Are consumers too busy to read?
In the ongoing experimentation from newspapers to adapt to a world of digital consumers while still making a profit, the New York Times has announced its newest option: abridged stories from its own publications, and other source around the internet, optimized for mobile device reading. Thanks to a new app, NYT Now, subscribers to the app’s content can access shorter versions of the paper’s full-length articles for a little more than half the cost of a full digital subscription.
This kind of service is perfect for people who want the level of content and slant of journalism that the Times is typically known for, but do not have the time to read full-length editions every day. This as-of-yet untapped level on consumer–the person who wishes he read more books or was more up-to-date on current events, but simply doesn’t have enough time to devote to this type of reading–is becoming a bigger focus among digital publishing platforms; last week, Rooster announced the March 11th launch of its “snippet” reading subscription that lets users consume serialized books at a fraction of the cost of full-size ebook subscriptions, again, optimized for smartphone reading.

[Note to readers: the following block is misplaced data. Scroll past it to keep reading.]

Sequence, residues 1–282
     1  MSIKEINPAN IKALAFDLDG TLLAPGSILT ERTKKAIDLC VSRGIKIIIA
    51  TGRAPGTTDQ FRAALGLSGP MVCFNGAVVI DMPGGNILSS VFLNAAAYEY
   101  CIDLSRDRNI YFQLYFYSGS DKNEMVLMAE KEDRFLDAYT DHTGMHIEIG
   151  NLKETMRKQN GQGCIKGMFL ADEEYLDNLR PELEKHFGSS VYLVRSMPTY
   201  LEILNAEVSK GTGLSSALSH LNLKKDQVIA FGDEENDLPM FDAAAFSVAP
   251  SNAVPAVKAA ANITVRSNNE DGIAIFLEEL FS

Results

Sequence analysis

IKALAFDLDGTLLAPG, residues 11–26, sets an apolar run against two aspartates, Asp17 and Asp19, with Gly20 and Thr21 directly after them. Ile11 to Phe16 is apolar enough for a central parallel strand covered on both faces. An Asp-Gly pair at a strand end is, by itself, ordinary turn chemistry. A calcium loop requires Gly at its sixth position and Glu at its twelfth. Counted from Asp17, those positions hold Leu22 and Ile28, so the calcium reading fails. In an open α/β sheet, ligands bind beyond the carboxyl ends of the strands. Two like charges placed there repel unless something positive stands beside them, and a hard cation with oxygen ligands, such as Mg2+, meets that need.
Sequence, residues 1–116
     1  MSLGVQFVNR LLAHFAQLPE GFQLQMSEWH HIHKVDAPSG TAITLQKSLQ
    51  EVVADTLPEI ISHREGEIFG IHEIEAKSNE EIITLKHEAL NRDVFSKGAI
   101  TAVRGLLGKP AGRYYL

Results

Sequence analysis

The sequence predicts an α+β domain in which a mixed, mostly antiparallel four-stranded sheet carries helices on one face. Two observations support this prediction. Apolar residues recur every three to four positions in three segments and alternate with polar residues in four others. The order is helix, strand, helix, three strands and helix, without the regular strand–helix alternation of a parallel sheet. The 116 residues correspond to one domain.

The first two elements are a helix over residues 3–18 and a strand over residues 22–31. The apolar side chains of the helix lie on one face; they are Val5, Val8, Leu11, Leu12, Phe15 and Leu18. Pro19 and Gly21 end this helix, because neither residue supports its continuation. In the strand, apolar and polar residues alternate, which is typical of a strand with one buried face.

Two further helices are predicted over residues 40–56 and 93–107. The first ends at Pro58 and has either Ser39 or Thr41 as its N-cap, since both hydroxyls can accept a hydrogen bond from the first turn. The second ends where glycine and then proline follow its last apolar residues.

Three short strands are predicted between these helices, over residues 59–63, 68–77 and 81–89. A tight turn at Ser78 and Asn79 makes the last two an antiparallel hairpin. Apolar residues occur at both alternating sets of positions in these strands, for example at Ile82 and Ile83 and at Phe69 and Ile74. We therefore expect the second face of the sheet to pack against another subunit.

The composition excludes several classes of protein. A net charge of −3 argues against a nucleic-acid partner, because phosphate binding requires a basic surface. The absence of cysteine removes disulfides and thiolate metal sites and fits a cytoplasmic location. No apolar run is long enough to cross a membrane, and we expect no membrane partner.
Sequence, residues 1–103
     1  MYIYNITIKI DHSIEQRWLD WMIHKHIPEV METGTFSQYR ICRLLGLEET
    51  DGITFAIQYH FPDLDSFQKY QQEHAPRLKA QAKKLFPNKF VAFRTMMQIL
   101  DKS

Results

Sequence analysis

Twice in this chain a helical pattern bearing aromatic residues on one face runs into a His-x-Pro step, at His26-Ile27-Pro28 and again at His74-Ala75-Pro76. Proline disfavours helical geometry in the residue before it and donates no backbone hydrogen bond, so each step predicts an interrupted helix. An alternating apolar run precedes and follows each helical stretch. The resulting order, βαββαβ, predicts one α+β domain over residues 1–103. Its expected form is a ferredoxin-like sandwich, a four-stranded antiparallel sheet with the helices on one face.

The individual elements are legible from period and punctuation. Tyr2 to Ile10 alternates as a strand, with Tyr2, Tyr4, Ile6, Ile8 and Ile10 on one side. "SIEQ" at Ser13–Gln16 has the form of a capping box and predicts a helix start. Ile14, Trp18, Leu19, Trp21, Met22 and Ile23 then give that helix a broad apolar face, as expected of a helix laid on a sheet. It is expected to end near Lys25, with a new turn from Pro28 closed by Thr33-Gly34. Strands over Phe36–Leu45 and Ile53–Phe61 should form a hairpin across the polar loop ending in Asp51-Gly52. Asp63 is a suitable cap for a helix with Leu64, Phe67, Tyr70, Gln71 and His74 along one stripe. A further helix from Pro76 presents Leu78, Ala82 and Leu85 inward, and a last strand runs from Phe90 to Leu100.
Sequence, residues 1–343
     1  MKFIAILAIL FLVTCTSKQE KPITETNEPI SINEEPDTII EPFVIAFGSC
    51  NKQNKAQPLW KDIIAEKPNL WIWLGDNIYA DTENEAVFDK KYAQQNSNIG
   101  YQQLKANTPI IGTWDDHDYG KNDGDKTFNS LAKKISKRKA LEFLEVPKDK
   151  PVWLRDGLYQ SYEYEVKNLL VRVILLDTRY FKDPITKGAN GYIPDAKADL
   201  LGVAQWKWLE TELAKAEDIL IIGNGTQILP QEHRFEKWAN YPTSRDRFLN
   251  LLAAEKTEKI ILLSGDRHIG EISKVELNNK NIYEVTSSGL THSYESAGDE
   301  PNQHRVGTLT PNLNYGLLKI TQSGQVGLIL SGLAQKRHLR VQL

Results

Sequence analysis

While both the NYT Now app and Rooster have set their price points at approximately half of the cost of a typical subscription, in the case of the news app, it may not be far enough. The app still requires a fee of around $8 a month, a price point that people who are already strapped for time may not be willing to pay to scroll through partial articles when that same level of engagement can be had for free by browsing news sites online.